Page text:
Socialism is a system in which the government owns or controls the means of production, and allocates resources and rewards.
Sen. Bernie Sanders proudly proclaims himself a “democratic socialist.” Many in the Democratic Party seem to have no problem with this and, in fact, are embracing him and his ideas.
America -- and its unique success as a nation -- was built around individual liberty and opportunity, not collective coercion. All too many no longer understand what the American Founders were trying to, and largely did, achieve. It is a tragedy that too few Americans understand the dangers of unlimited government.
The young people who support Mr. Sanders, and even Hillary, seem to be generally ignorant of why America worked. Many do not want the government to restrict unfettered abortions or their right to smoke pot, but seem to be oblivious that socialism and big government makes everyone into an economic slave.
There will be a recession in the United States and much of the rest of the world in 2016.
After reading the above sentence, you should be thinking, what possibly could the writer know that the International Monetary Fund, the Federal Reserve and the Obama administration do not know given all their resources and all of their professional economic forecasters?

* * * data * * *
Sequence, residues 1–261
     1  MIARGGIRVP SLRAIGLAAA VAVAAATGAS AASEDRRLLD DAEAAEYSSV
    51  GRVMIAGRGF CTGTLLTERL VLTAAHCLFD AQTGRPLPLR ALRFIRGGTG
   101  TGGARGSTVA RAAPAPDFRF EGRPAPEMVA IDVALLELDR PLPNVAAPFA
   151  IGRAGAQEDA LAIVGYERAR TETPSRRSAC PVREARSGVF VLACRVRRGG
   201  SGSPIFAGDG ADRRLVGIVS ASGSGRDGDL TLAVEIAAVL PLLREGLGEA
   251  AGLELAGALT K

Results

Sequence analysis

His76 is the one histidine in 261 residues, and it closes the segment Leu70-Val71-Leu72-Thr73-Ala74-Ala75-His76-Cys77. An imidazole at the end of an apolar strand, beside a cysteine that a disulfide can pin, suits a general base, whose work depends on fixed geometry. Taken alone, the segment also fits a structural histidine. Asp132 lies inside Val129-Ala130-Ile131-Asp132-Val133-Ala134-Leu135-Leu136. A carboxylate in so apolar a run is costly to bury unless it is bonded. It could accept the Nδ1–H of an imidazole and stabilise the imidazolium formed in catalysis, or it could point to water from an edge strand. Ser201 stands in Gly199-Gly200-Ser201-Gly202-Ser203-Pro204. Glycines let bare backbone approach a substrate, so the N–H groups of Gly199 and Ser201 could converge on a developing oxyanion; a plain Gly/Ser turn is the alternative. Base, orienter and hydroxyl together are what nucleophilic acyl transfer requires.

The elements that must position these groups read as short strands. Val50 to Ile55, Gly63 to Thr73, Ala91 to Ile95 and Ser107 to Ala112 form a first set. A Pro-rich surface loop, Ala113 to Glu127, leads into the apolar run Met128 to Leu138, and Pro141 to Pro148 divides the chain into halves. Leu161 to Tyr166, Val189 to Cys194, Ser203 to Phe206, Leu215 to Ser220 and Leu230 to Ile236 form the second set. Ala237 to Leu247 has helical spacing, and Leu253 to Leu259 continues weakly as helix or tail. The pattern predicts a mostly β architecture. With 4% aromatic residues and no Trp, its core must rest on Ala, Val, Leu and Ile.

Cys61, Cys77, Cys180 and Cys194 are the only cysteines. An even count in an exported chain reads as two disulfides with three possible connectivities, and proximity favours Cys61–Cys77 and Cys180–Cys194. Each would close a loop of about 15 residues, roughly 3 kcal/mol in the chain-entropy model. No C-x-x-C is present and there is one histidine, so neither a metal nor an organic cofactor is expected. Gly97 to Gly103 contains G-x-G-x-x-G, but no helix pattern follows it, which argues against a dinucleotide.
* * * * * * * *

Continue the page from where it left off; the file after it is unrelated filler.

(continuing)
If one looks at the forecast record of the IMF and the Fed over the past several decades, one will not find any case in which a year of positive growth was followed by a year of contraction in which the IMF or Fed anticipated the recession in April of the growth year.
Given the evidence, economic forecasting is far from an exact science, and forecasters and model-builders have much to be modest about. In fact, I do not know for certain that my opening sentence is true or not, but the following is my case for why my assertion is more likely to be true than the various official forecasts. There’s a quartet of reasons.
Do you know what type of person the various presidential candidates would appoint to the Supreme Court?
The next president is likely to be able to pick several Supreme Court justices, and those decisions will influence the direction of the American republic for decades in the future.
Despite the fact that we have had numerous "debates" between the candidates, we still know little about their governing philosophies. It would be helpful if the moderators for this Thursday's debate (1/14) delved more deeply into the way they would conduct themselves as president than just asking questions about current events or what they think about the other candidates.
Here are some real questions the moderators could ask instead of gotchas.
Those who have not studied economics often rely on the press, who are often equally ignorant of economics and, hence, are unable to differentiate between sense and nonsense. While The Wall Street Journal (and particularly the editorial page) normally gets it right, The New York Times and many other newspapers too often let political bias get in the way of the facts.